Achieving fiscal sustainability despite dependence on volatile and uncertain revenue sources is a common challenge for Kiribati and the other small island economies in the Pacific. Record high fishing license revenues and investments from development partners have underpinned rising public expenditure and growth.
|Selected economic indicators (%) – Kiribati||2015||2016 Forecast||2017 Forecast|
|Current Account Balance (share of GDP)||25.0||15.0||-10.0|
Source: Asian Development Outlook 2016
Kiribati’s economy grew by 3.0% in 2015, driven by spending on infrastructure projects to upgrade a road and improve sanitation using development partner funds. Higher fishing license revenues that enabled increased government spending also contributed to growth.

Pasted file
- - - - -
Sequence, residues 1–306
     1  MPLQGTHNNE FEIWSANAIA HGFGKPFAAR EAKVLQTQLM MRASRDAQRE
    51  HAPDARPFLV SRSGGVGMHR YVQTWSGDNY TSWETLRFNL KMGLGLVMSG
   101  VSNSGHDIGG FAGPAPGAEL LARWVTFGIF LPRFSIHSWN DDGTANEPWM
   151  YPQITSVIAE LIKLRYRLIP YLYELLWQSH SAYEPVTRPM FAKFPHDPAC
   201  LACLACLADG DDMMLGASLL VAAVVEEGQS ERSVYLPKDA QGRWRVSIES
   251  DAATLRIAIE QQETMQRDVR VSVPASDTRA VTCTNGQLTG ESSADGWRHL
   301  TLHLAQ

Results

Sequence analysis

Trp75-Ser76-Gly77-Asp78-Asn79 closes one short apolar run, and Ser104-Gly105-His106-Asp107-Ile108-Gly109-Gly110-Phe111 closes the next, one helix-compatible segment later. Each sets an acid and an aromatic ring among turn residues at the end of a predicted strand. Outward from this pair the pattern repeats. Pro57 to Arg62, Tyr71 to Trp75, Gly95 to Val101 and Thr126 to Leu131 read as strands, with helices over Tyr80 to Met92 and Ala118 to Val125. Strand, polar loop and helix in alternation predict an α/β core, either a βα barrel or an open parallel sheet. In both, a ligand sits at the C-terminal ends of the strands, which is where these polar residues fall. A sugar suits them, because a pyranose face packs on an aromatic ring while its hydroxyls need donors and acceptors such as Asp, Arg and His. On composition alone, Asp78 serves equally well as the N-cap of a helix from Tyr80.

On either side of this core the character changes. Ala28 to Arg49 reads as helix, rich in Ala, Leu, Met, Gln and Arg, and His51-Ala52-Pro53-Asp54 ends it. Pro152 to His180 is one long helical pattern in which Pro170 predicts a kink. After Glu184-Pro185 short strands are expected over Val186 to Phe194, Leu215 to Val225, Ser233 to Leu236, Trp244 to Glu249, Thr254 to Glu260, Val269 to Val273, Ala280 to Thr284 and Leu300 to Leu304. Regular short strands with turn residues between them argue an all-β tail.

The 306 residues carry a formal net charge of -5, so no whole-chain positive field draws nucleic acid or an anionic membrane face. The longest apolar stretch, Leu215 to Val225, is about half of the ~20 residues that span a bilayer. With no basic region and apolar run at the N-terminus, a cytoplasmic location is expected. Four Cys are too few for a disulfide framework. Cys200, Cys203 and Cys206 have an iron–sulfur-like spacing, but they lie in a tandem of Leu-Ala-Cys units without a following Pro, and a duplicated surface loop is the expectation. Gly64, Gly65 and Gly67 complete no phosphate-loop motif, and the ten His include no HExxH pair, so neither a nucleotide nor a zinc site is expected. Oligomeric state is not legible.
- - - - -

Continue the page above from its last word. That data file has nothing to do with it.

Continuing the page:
The strongest El Niño in nearly 20 years has brought record tuna migrations to the region. As a signatory to the Nauru Agreement, Kiribati has benefited in recent years from higher licensing fees under the vessel day scheme. In 2015, fishing license revenues as a share of GDP were 99% for Kiribati.
The ongoing implementation of major projects, funded by development partners, in transport and in water supply and sanitation are expected to support growth at 1.8% in 2016, rising to 2.0% in 2017.
Read more from Asian Development Outlook 2016.